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AUDIOBOOKS: African-American authors

By Sunday, Aug 4, 2019 Arts & Entertainment

Here are four audiobooks written by African-American authors.

Half a Yellow Sun
Chimamanda Ngozi Adichie; read by Zainab Jah
Random House Audio, 18 hours and nine minutes, www.audible.com download, $38.50

First released in print a dozen years ago and more recently rereleased on audio, this is a spellbinding account of the formation of Biafra, a small, independent territory in southeastern Nigeria that existed in the late 1960s. Told through five well-imagined characters, this leaves the listener devastated by the effects of war while drawn into the everyday dramas of those furthering the cause and those impacted by it. Though never graphic, Adichie depicts the deprivation, annoyances and disruptions of war on levels both personal and universal. Jah is, simply put, an amazing narrator, easily slipping into various accents, dialects and variations for gender that each sound realistic. Grade: A

Born a Crime: Stories from a South African Childhood
Trevor Noah, read by the author
Audible Studios on Brilliance Audio, one MP3 disc, eight hours and 50 minutes, $14.99/www.audible.com download, $24.95

The host of “The Daily Show” grew up in a home where abuse was the norm and apartheid was the law of the land. His recollections are insightful, intimate and darkly comedic. It is also a love letter to his mother, a deeply religious woman with a fierce stubbornness and an independent thought process. Noah is a polyglot and his pronunciations are perfect as he slips into several African dialects or German pronunciations. His keen, comic timing makes him a natural storyteller and the details of life under apartheid are as horrifying as they are fascinating. Be forewarned: This contains blue language and adult themes. Grade: A-minus

Feel Free
Zadie Smith, read by Nikki Amuka-Bird
Penguin Audio, 14 hours, 11 CDs, $45/www.audible.com download, $31.50

This collection of previously published essays and those new to audio include topics as varied as race, culture, politics, art and interpersonal relationships. Smith’s mind is fascinating; she notices things most of us glide over—her essay about Facebook will have you laughing once she points out the obvious. There is much food for thought contained within—you’ll want to make a list of the writers who influence her and the music she adores. Amuka-Bird, however, was not the correct narrator for this project. She has a cultured British manner and reads quite smoothly, but her voice is much, much too soft, making her sound timid when the material called for a more forthright approach. Grade: B-plus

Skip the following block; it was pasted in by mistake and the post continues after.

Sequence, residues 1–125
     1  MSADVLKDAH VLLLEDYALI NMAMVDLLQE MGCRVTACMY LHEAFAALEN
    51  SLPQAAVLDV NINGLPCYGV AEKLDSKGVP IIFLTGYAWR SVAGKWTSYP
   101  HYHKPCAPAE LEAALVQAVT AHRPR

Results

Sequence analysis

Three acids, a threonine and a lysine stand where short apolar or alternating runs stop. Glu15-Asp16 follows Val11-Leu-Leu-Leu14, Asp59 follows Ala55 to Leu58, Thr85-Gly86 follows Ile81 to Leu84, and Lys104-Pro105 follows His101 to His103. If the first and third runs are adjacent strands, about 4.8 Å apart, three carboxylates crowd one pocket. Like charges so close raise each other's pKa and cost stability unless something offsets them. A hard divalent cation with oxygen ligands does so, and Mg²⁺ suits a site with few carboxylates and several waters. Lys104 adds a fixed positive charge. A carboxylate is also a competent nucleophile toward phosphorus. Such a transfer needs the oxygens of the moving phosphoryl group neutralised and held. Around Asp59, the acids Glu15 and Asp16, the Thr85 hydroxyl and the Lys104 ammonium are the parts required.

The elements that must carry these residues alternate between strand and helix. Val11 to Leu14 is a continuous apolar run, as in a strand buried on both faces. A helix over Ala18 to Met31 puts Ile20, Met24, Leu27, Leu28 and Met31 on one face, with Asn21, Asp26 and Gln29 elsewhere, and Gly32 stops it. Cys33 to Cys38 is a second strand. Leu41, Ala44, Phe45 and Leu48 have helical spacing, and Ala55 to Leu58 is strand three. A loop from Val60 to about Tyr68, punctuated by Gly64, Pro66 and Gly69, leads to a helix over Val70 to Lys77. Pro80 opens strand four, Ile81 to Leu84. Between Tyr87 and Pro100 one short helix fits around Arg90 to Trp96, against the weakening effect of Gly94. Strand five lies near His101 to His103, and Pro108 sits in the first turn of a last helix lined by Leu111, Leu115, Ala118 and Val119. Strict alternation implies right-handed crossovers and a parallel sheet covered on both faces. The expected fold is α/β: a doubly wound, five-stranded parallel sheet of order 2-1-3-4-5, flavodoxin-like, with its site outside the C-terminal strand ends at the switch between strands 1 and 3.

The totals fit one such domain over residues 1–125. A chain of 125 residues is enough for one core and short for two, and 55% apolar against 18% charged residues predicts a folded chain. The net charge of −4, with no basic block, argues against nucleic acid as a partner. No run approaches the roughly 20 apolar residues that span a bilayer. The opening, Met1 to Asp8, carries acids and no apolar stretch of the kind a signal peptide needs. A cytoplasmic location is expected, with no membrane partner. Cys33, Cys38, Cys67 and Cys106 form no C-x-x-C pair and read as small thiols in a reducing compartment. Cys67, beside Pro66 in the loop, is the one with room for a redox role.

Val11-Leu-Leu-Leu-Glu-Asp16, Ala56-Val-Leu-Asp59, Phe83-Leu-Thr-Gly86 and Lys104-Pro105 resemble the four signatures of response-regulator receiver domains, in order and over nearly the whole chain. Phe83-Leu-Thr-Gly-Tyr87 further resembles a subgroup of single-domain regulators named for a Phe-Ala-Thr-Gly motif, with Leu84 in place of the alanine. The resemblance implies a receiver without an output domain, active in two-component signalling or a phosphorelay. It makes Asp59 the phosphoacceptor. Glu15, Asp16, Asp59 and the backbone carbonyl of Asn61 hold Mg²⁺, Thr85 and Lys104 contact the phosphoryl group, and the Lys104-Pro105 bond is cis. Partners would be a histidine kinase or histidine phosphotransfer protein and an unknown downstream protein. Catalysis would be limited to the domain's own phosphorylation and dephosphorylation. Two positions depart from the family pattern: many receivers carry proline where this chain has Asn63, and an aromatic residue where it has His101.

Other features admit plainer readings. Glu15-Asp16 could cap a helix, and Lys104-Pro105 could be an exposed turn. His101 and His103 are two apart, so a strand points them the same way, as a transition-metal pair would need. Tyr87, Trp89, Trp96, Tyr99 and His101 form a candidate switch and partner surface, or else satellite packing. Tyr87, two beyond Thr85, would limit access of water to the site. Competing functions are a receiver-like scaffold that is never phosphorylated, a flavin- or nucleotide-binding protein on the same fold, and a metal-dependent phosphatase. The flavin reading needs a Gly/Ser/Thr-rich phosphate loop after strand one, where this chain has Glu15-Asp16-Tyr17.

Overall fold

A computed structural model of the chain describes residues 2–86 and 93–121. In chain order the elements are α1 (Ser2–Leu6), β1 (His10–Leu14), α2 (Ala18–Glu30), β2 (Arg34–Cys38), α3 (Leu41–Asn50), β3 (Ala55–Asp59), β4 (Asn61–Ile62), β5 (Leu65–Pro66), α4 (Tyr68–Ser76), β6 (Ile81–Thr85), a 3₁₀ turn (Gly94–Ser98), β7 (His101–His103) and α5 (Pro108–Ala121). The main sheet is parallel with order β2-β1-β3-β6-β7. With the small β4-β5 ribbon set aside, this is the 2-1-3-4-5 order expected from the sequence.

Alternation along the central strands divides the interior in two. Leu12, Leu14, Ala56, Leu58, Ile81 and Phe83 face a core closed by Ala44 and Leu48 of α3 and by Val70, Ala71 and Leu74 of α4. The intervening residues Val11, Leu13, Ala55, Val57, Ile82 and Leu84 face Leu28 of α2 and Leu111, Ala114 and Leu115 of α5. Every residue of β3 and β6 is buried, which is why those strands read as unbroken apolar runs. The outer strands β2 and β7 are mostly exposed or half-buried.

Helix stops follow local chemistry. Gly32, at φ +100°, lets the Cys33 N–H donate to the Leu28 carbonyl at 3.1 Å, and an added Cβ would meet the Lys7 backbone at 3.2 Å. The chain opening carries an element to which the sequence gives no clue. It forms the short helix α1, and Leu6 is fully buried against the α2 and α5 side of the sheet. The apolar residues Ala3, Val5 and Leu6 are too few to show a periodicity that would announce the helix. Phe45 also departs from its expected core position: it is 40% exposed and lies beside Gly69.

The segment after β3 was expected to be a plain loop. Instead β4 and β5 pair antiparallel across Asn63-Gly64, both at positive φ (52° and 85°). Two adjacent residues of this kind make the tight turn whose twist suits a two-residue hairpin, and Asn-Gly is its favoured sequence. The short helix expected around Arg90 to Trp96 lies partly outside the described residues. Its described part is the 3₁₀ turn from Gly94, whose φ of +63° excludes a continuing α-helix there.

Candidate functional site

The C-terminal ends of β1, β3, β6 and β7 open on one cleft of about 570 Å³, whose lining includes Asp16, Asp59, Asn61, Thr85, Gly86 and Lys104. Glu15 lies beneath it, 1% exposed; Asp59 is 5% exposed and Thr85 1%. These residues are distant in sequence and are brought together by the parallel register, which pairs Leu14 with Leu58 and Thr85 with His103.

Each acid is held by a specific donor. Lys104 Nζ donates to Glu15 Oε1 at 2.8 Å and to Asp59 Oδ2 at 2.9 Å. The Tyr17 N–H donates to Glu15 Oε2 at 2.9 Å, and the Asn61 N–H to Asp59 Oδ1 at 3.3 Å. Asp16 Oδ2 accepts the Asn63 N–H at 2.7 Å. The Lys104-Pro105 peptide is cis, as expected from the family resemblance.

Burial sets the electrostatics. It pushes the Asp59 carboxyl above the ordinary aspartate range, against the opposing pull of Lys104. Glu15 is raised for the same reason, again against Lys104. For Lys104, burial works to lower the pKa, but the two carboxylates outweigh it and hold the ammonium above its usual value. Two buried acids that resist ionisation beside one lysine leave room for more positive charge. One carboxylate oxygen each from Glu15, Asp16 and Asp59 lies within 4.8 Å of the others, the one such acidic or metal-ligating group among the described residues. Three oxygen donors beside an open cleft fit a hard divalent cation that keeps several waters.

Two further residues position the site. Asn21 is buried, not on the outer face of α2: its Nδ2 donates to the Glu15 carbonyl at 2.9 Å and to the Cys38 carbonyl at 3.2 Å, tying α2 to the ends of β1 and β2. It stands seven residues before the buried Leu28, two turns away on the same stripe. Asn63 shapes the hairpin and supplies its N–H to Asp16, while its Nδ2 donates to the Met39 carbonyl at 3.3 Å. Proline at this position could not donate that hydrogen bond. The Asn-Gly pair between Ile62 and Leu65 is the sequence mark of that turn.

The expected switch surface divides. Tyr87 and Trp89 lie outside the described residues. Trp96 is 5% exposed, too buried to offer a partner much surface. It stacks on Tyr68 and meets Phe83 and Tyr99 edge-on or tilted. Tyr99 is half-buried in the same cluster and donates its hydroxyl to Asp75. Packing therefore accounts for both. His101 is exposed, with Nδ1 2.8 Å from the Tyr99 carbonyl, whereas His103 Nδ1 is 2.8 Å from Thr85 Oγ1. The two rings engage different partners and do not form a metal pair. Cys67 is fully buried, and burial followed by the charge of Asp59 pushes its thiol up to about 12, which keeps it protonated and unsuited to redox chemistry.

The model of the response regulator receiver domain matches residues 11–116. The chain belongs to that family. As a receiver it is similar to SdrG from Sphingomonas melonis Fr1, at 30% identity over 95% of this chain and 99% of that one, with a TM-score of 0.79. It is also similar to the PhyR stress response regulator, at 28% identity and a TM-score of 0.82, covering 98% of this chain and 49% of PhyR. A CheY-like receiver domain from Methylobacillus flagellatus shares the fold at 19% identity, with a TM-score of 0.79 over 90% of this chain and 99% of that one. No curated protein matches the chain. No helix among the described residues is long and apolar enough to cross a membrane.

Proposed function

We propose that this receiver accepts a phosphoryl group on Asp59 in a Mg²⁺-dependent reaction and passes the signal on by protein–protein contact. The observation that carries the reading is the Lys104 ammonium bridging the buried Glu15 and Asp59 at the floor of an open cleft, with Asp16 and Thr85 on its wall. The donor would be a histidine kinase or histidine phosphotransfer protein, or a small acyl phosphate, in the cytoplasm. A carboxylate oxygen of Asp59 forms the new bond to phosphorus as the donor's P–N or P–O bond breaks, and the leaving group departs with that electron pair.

Madison Park: A Place of Hope
Eric L. Motley; read by Brandon Maloney with a foreword by Walter Isaacson
Zondervan on Brilliance Audio, seven hours and 52 minutes/www.audible.com download, $21.67

Motley grew up in a small Alabama town founded by slaves, one of whom was his great-great-grandfather. Maintained as an African-American enclave that sounds peaceful and nurturing, it conjures up images most of us only experienced through old TV shows. However, this is less of a complete story than a list of descriptions and anecdotes about a place beloved by the author and the inhabitants to whom he is most grateful. The result is charming, if a bit dull. Maloney has a deep, warm voice that sounds authoritative and friendly at the same time and well-suits the material. Grade: B-minus


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